Maryland Ranks No. 6 in Nation for LEED Certifications in 2012

USGBC's rankings are based on the number of square feet of LEED-certified space per resident.


Maryland ranks No. 6 in the nation for new LEED certifications, according to a report released by the U.S. Green Building Council (USGBC).

The LEED designation stands for "Leadership in Energy and Environmental Design" and provides a measureable and verifiable review of a building's design, construction, operation and maintenance from an environmental impact point of view.

USGBC's rankings are based on the number of square feet of LEED-certified space per resident.

Maryland clocks in at No. 6 with a 127 projects totalling 10,954,324 square feet of LEED-certified space, equating to 1.90 square feet per person. Maryland's 2012 per-person rate is just 0.04 behind Illinois.

The Mid-Atlantic is well represented in top of the rankings, with the District of Columbia overwhelmingly the No. 1 area with 36.97 square feet per person, and Virginia at 3.71 square feet per person.

According to the USGBC's website, to earn a LEED certification a building must earn a minimum of 40 points on a 110-point LEED rating system which reviews aspects such as sustainability, water efficiency, energy use and atmosphere, use of sustainable materials and resources and indoor environmental quality. 

number9dream February 10, 2013 at 02:45 PM
LEED is a FRAUD to earn tax breaks, government contracts and other bennies for developers and contractors. How else would it be doing so well in Maryland?
Sanchez February 10, 2013 at 03:31 PM
GSA Seeks Public Input for Green Building Certification Systems Federal Register notice opens 60 day public comment period “GSA is currently evaluating three certification systems for green building standards, which include the U.S. Green Building Council’s LEED 2009, the Green Building Initiative's Green Globes, and the International Living Future Institute’s Living Building Challenge.” http://www.gsa.gov/portal/content/162683 In U.S. building industry, is it too easy to be green? "The Palazzo Hotel and Casino boasts many features of Las Vegas excess — an indoor waterfall, a smoke-filled gaming area, seven decorative fountains, and guest suites with three TVs and power-controlled curtains. Yet the 50-story complex achieved an unlikely and lucrative milestone after opening in 2008. A powerful private organization declared it an environmentally friendly "green" building, the world's largest at the time. The U.S. Green Building Council, a building industry non-profit, credited the Palazzo for having bike racks in the garage; room cards telling guests when towels are replaced; landscaping that does not use grass, which local law prohibits anyway; and preferred parking for fuel-efficient cars — spots that on a recent week were occupied by Ford Expeditions, Chevy Tahoes, Range Rovers, Mercedes E320s, Chrysler 300s, Audi A6s, vans, sports cars and a Hummer." http://www.usatoday.com/story/news/nation/2012/10/24/green-building-leed-certification/1650517/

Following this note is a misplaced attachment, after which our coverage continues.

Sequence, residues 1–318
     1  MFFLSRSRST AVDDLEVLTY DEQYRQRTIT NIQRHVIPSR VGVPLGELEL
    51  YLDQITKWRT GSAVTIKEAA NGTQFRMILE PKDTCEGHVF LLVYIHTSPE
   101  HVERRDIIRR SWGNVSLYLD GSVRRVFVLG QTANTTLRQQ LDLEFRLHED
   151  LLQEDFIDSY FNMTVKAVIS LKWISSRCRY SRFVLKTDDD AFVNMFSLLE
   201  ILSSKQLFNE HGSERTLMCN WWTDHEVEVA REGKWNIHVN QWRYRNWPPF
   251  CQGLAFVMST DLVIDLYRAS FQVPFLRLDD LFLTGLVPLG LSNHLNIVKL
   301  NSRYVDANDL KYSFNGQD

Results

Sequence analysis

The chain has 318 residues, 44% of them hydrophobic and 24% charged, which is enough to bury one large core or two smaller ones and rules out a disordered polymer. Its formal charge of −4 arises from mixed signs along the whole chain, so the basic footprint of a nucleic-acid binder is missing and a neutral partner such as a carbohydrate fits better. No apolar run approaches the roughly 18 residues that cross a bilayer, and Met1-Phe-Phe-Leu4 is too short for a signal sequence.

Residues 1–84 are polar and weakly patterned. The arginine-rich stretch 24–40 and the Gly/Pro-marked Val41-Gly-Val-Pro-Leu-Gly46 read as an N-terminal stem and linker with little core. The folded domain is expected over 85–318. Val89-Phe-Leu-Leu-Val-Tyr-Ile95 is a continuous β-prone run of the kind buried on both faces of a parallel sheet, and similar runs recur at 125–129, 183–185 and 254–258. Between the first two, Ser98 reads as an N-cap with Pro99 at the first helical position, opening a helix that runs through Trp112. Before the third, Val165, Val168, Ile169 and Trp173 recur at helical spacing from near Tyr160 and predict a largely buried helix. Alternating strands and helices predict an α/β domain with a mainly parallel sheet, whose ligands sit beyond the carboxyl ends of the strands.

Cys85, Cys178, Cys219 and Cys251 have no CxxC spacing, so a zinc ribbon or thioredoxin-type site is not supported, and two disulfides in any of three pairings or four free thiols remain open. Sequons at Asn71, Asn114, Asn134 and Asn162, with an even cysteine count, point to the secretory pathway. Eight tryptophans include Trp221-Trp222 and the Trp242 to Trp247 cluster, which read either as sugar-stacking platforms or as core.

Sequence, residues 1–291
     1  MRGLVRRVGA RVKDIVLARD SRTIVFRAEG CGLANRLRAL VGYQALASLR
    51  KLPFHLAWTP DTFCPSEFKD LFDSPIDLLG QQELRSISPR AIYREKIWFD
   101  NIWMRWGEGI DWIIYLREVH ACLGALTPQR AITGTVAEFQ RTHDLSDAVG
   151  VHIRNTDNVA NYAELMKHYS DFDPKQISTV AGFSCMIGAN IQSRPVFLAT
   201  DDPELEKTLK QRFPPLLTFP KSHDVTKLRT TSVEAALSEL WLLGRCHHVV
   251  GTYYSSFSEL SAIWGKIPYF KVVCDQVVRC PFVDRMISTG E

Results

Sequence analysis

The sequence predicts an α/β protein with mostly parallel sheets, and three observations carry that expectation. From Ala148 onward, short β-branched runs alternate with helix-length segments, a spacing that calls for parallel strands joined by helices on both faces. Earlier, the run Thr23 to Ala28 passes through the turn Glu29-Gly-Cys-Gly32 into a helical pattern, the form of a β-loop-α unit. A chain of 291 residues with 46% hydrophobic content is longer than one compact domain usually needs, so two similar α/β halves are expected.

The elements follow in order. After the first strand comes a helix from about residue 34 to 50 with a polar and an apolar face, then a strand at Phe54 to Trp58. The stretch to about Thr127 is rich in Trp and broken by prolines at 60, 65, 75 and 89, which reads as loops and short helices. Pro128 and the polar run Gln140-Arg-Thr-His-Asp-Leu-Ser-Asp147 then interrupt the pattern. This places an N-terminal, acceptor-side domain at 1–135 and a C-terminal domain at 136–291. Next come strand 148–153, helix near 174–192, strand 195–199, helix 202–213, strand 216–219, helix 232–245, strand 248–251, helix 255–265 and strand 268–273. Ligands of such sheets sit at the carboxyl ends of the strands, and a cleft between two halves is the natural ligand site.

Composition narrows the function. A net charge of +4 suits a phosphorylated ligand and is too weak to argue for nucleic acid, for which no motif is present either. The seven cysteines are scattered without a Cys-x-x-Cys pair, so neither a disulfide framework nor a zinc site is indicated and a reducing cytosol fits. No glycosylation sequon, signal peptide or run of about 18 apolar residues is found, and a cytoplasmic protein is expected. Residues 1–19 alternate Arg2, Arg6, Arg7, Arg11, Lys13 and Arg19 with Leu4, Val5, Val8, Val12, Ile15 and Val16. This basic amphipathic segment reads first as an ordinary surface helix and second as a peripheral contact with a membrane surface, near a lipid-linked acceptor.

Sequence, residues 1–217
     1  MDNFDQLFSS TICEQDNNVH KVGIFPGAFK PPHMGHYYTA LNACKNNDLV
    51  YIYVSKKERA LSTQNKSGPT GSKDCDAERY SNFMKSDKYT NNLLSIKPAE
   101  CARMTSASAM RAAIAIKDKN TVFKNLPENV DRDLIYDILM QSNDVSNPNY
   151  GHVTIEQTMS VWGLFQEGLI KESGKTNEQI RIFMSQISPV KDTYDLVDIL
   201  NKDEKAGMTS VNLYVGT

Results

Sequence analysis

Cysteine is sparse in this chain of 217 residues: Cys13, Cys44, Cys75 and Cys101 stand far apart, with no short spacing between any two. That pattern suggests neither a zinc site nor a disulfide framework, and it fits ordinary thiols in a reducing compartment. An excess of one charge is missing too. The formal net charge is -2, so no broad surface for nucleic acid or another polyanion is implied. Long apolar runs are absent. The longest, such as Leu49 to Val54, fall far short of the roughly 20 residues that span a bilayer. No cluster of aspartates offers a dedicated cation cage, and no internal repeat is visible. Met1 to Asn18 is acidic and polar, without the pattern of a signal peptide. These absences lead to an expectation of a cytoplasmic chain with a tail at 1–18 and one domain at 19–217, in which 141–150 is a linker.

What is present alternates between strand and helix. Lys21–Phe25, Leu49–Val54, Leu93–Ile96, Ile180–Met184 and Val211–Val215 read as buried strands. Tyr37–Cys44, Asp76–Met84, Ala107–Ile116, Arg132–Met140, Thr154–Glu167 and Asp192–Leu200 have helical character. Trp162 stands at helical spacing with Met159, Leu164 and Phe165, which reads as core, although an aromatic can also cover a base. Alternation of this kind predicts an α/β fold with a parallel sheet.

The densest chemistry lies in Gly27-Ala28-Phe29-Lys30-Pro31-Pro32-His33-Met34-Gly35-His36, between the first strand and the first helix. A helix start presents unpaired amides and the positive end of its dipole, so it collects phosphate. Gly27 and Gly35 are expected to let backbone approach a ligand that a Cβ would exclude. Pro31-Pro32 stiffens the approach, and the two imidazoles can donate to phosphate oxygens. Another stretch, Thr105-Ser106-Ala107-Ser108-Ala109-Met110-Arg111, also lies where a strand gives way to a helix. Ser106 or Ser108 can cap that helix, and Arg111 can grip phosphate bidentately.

Sanchez February 10, 2013 at 03:33 PM
"The designation won its owner, Las Vegas Sands Corp., a $27 million tax break over 10 years because a Nevada law puts the private interest group — not the government — in charge of deciding which buildings are green enough for a taxpayer subsidy." "Nearly every design team has won a point for including someone who has passed a LEED exam. Thousands more have won points for giving office workers their own light switches, views of the outdoors or temperature-control mechanisms, which can include operable windows or desk fans. More than 6,000 buildings got credit for using structural steel or concrete, common building materials that the council considers green because they are made from recycled material. Points also have gone to universities that offer a course on green building, to employers that give workers a video-game room and fitness center and to builders for installing a modern fire-alarm system that "minimizes stresses on the firefighters," council records show. "People have a tendency to buy points — they buy that bike rack even though there's no value in it," said Kansas City, Mo., architect Bob Berkebile, who helped create LEED in the 1990s and remains a strong proponent. "It's unfortunate. That's just where we are at this time.""
Sanchez February 10, 2013 at 03:39 PM
""Buildings have a poor track record for performing as predicted during design," the council itself reported in 2007. "Most buildings do not perform as well as design metrics indicate." The Environmental Protection Agency says "it is a common misconception that new buildings, even so-called 'green' buildings are energy-efficient." The EPA's voluntary EnergyStar program certifies only buildings that prove energy efficiency over a year of occupancy, and rates buildings every year. A little-noticed study of Navy buildings in January showed that four of 11 LEED-certified buildings used more energy than a non-LEED counterpart. Of the seven others, four were better than their counterparts by 9%, a level of improvement that is insufficient to earn any LEED points. "Energy savings are not closely related to the number of points received," concluded the study by University of Wisconsin researchers. LEED tries to address the problem by offering one point for buildings that measure actual energy use. Only 23% of the LEED-certified buildings have taken that option, USA TODAY found."


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